When you think about your oral health, it can be easy to focus on your teeth. However, your gums are also an integral part of not only your oral health, but also your overall well-being. Studies have shown correlations between unhealthy gums and a number of general health concerns, including a heightened risk of diabetes and cardiovascular disease. This is because bacteria from damaged or infected gums can find their way into your bloodstream, putting your whole body at risk.
So, how can you know that your gums are healthy? Below are the top signs of healthy gums.
Firm, Pink Gum Tissue
Your gums should be a light coral pink, not red or white. To quickly check the condition of your gums tissue, glide a clean finger along your gums; if the gums are firm and painless to the touch, that’s a positive sign. You should also pay attention to your tongue and the inside walls of your mouth, which should also be firm and pink as well.
Although toothpaste, mouthwash, and mints can give your breath a pleasant smell, your breath’s natural odor is far less conspicuous. A healthy mouth has a relatively neutral smell, and any particularly foul odor might be an indication of pockets of bacteria under the gums or tooth decay. If you notice unpleasant smells when you floss, it could also be a sign of unhealthy gums.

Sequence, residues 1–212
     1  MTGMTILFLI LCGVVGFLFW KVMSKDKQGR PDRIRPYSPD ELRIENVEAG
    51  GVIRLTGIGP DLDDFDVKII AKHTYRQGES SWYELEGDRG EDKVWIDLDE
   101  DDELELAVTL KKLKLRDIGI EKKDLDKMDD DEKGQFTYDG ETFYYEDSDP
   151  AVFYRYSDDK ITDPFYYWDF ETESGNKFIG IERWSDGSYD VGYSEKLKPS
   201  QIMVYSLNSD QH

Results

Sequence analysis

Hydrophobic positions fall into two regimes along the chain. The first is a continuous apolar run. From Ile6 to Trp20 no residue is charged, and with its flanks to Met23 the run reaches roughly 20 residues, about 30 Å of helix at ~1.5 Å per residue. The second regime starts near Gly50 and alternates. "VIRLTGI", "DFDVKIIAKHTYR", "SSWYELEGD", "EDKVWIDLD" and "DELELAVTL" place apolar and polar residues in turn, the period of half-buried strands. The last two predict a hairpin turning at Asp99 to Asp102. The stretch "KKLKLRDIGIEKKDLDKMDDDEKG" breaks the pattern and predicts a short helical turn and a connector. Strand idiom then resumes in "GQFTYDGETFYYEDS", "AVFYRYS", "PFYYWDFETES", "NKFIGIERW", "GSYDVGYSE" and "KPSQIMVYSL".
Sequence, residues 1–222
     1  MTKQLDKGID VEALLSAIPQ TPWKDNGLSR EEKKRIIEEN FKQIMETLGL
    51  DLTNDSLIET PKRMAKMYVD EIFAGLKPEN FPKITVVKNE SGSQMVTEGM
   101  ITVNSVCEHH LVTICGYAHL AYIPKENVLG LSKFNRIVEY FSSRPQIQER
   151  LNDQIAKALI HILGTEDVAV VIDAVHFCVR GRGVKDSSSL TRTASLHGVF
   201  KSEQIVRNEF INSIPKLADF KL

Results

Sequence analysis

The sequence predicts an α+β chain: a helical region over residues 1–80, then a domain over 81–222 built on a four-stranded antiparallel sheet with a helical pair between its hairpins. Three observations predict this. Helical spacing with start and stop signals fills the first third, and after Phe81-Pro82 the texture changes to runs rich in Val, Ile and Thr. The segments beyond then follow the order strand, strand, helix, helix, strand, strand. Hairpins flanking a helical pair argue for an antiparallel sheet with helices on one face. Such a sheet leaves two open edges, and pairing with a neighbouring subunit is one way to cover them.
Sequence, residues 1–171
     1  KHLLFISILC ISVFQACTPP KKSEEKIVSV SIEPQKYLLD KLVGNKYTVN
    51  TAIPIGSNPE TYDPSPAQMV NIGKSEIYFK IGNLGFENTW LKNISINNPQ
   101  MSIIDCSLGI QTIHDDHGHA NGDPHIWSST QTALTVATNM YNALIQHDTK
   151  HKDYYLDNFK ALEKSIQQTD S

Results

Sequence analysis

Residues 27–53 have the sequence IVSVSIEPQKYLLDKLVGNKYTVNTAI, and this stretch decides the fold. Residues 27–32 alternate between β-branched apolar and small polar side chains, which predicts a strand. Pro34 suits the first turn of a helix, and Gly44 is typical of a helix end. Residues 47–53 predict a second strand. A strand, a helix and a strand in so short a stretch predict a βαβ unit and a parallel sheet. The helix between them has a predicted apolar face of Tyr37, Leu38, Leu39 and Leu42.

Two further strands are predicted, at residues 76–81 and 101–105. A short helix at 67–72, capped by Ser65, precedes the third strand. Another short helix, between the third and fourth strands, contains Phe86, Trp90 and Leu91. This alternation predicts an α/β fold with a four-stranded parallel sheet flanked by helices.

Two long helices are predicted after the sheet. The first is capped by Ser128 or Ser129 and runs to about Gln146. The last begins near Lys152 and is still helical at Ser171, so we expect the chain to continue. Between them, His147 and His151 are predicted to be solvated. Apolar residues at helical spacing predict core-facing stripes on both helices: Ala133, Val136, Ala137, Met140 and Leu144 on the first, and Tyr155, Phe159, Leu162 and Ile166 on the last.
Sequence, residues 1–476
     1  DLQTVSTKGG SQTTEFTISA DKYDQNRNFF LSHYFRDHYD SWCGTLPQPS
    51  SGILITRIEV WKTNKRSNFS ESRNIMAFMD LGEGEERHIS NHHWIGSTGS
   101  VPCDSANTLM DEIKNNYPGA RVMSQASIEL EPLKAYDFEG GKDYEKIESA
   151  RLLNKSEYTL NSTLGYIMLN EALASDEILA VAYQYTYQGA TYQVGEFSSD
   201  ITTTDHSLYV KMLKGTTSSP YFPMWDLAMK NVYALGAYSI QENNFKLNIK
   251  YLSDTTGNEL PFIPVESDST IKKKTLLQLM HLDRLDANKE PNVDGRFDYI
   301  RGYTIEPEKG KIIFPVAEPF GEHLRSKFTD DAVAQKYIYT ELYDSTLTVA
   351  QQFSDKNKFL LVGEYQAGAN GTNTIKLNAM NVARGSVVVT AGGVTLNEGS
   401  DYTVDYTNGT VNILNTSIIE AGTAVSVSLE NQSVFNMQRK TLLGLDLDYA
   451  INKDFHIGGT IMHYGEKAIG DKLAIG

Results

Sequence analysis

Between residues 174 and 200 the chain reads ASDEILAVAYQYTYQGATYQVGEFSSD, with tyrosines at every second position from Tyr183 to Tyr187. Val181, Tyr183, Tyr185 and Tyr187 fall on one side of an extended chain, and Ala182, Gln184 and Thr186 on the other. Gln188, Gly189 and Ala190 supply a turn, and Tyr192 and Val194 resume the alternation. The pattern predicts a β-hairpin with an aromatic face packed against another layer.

No Blood When Brushing or Flossing
Be on alert for heightened sensitivity or bleeding when you brush your teeth. Healthy teeth and gums should not bleed during normal cleaning. If they do, it could indicate gum disease or other serious oral health problems.
Sturdy Teeth and Dental Restorations
Once your adult teeth have fully erupted, all your teeth should be firmly in place. If any of your teeth are loose or wiggle when you chew or speak, it could be a sign of gum disease and an indication that you should consult your dentist.
This also applies to any crowns or fillings that you might have. If any of your dental restorations feel weak or yield to pressure, it could be a sign that they are dislodged and may be harboring plaque and bacteria.